1995-11-14 - NSA, ITAR, NCSA and plug-in hooks.

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From: s1113645@tesla.cc.uottawa.ca
To: cypherpunks@toad.com
Message Hash: 95c02050e116b6ec049ac964d4d58fc01c68124867c163536c26c7e9af7ea0c5
Message ID: <Pine.3.89.9511140929.A25609-0100000@tesla.cc.uottawa.ca>
Reply To: N/A
UTC Datetime: 1995-11-14 17:12:41 UTC
Raw Date: Wed, 15 Nov 1995 01:12:41 +0800

Raw message

From: s1113645@tesla.cc.uottawa.ca
Date: Wed, 15 Nov 1995 01:12:41 +0800
To: cypherpunks@toad.com
Subject: NSA, ITAR, NCSA and plug-in hooks.
Message-ID: <Pine.3.89.9511140929.A25609-0100000@tesla.cc.uottawa.ca>
MIME-Version: 1.0
Content-Type: text/plain

I just found this tidbit while following Sameer's Apache WWW server link.
For those who were wondering if plug-in crypto hooks were still watched 
out for. One wonders how the ietf folks are managing to promote internet-wide
standards that are considered unexportable (Are they? What's the deal on 
photuris, PEM, ipsec and the rest of them?)

Ps. I may be totally wrong, but I remember seeing something posted last 
month about some ZKIPS scheme in relation with Netscape (zero knowledge 
proofs with web servers, huh? Confused).

                         WHY WE TOOK PEM OUT OF APACHE
   On May 17th, 1995, we were asked by a representative of NCSA to remove
   any copies of NCSA httpd prior to 1.4.1 from our web site. They were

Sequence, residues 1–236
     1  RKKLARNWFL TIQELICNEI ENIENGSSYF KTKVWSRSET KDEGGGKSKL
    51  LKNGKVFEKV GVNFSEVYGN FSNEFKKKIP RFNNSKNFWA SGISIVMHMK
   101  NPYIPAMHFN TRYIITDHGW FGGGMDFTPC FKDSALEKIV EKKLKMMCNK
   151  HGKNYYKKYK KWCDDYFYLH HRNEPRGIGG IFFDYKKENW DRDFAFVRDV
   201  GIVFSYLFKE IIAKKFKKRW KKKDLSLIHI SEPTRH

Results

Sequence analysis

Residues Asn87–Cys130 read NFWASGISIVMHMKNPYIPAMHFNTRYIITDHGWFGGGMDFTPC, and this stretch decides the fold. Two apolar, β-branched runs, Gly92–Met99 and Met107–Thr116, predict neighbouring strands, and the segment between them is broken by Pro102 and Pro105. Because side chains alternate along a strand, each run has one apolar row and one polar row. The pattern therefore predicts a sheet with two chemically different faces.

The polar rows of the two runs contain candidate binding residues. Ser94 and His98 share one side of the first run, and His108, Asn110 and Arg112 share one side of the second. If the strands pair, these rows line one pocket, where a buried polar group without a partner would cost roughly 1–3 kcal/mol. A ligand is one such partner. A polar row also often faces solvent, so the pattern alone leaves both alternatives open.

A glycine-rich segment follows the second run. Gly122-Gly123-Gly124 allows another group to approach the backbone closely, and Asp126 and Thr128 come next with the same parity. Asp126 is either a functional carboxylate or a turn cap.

mandated by the NSA to inform us that redistribution of pre-1.4.1 code
   violated the same laws that make distributing Phill Zimmerman's PGP
   package to other countries illegal. There was no encryption in NCSA's
   httpd, only hooks to publicly available libraries of PEM code. By the
   NSA's rules, even hooks to this type of application is illegal. 
   Because Apache is based on NCSA code, and we had basically not touched
   that part of the software, we were informed that Apache was also
   illegal to distribute to foreign countries, and advised (not mandated)
   by NCSA to remove it. So, we removed both the copies of the NCSA httpd
   we had, and all versions of Apache previous to 0.6.5. 
   The Apache members are strong advocates of the right to digital
   privacy, so the decision to submit to the NSA and remove the code was
   not an easy one. Here are some elements in our rationale: 
     * The PEM code in httpd was not widely used. No major site relied
       upon its use, so its loss is not a blow to encryption and security
       on the world wide web. There are other efforts designed to give
       much more flexible security - SSL and SHTTP - so this wasn't a
       function whose absence would really be missed on a functional
     * We didn't feel like being just a couple more martyrs in a fight
       being fought very well by many other people. Rather than have the
       machine that supports the project confiscated or relocated to
       South Africa, etc., we think there are more efficient methods to
       address the issue. 
   It kind of sickens us that we had to do it, but so be it. 
   Patches that re-implement the PEM code may be available at a foreign
   site soon. If it does show up, we'll point to it - that can't be
   Finally, here is a compendium of pointers to sites related to
   encryption and export law. We can't promise this list will be up to
   date, so send us mail when you see a problem or want a link added.
     * Yahoo - Science: Mathematics: Security and Encryption 
     * EFF Crypto/Privacy/Security Archive 
     * Crypto page at Quadralay 
     * Cryptography Export Control Archives (Cygnus) 
     * ICLU - Your Rights in Cyberspace 
   Brian, brian@hyperreal.com